While most people use thumbdrives for storing or exchanging data with other people, I ran a slew of programs on mine.
Before my work PC in office went nuts, I managed to setup a web server and database server to run from my 128MB USB1.1 thumbdrive. It worked wonderfully thanks to PortableWebAp. Note: The current version 1.2 of PWA runs the apache webserver on default port 80 and mysql on default port 3306. Although I’ve managed to reconfigure them to run on different ports (800 and 33060 respectively), I’m unable to reconfigure the launcher program of PWA to point to http://localhost:800/ instead of the default http://localhost/.
From then, because USB1.1 was too slow, I spent my own money to get a 1GB USB2.0 thumbdrive for S$129.00. With all this extra space, I used it to store some important files and tried to load in a few more programs.
FlashFXP (FTP client), CrimsonEditor (text editor for my PHP files) – Requires registry editing each time when run on a new PC, now trying out EditPlus cos it seems to work better on USB then CrimsonEditor, copied in my winamp folder and it’s working fine so far, installed Miranda as my MSN and IRC client and set up Portable Thunderbird as my email program for work and home email.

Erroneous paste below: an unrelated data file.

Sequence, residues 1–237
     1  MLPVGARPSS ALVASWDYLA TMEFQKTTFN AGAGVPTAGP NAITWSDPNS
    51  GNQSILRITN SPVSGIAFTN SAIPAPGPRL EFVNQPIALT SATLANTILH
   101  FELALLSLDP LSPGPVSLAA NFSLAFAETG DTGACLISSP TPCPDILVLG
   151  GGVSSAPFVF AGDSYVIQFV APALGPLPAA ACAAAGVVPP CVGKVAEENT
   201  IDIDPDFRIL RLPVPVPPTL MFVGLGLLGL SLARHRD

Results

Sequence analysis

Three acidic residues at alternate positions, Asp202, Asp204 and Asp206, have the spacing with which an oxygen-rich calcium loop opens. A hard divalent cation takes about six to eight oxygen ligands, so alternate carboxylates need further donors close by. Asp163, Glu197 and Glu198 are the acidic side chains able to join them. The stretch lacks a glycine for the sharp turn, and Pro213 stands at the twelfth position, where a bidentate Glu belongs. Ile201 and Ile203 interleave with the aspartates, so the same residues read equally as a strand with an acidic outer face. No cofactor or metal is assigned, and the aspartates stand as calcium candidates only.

There’s also portable versions of free word processing software customized to run on USB thumbdrives and Firefox internet browsers. More here.
Great to have most of my frequently used software installed and run independently on thumbdrives. Here’s also a true story that happened to me 2 days ago.
For some unknown reason, WindowsXP suddenly fails to boot up in Normal mode, a blue screen with the words "Page Fault in non-paged area" shows up. So the only thing I can do is boot into safe mode and perform a system restore. With all my apps installed on USB, I wasn’t afraid of losing anything critical, especially my current CRM project.
The only things I lost through that system restore was my Firefox installation, Skype software, my wallpaper, which is all pretty easy to recover. I also have an exported copy of my Firefox bookmarks and adblock filters onto the thumbdrive.
Oh, and one thing I like about exported Firefox bookmarks, they are saved as .html files so you can open it with any browser and click on the links inside. It’s like having your list of bookmarks converted into a webpage.
But be warned that thumbdrives don’t last forever, but at least a long time and you’d want to make backups once in a while.